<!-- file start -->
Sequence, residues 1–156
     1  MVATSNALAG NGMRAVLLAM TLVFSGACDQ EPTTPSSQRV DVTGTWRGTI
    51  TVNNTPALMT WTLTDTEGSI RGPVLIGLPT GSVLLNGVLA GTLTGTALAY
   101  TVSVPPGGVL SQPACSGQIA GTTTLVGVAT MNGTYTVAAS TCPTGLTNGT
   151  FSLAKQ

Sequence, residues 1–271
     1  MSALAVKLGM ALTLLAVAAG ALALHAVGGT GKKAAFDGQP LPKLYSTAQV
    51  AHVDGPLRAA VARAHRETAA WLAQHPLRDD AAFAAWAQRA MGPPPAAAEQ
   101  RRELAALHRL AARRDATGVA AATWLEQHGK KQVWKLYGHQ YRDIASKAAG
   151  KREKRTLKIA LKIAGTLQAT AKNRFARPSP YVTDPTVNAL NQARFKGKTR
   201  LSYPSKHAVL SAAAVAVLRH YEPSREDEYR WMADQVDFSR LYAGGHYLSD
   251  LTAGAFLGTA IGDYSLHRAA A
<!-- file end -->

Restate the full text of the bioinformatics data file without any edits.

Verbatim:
Sequence, residues 1–156
     1  MVATSNALAG NGMRAVLLAM TLVFSGACDQ EPTTPSSQRV DVTGTWRGTI
    51  TVNNTPALMT WTLTDTEGSI RGPVLIGLPT GSVLLNGVLA GTLTGTALAY
   101  TVSVPPGGVL SQPACSGQIA GTTTLVGVAT MNGTYTVAAS TCPTGLTNGT
   151  FSLAKQ

Sequence, residues 1–271
     1  MSALAVKLGM ALTLLAVAAG ALALHAVGGT GKKAAFDGQP LPKLYSTAQV
    51  AHVDGPLRAA VARAHRETAA WLAQHPLRDD AAFAAWAQRA MGPPPAAAEQ
   101  RRELAALHRL AARRDATGVA AATWLEQHGK KQVWKLYGHQ YRDIASKAAG
   151  KREKRTLKIA LKIAGTLQAT AKNRFARPSP YVTDPTVNAL NQARFKGKTR
   201  LSYPSKHAVL SAAAVAVLRH YEPSREDEYR WMADQVDFSR LYAGGHYLSD
   251  LTAGAFLGTA IGDYSLHRAA A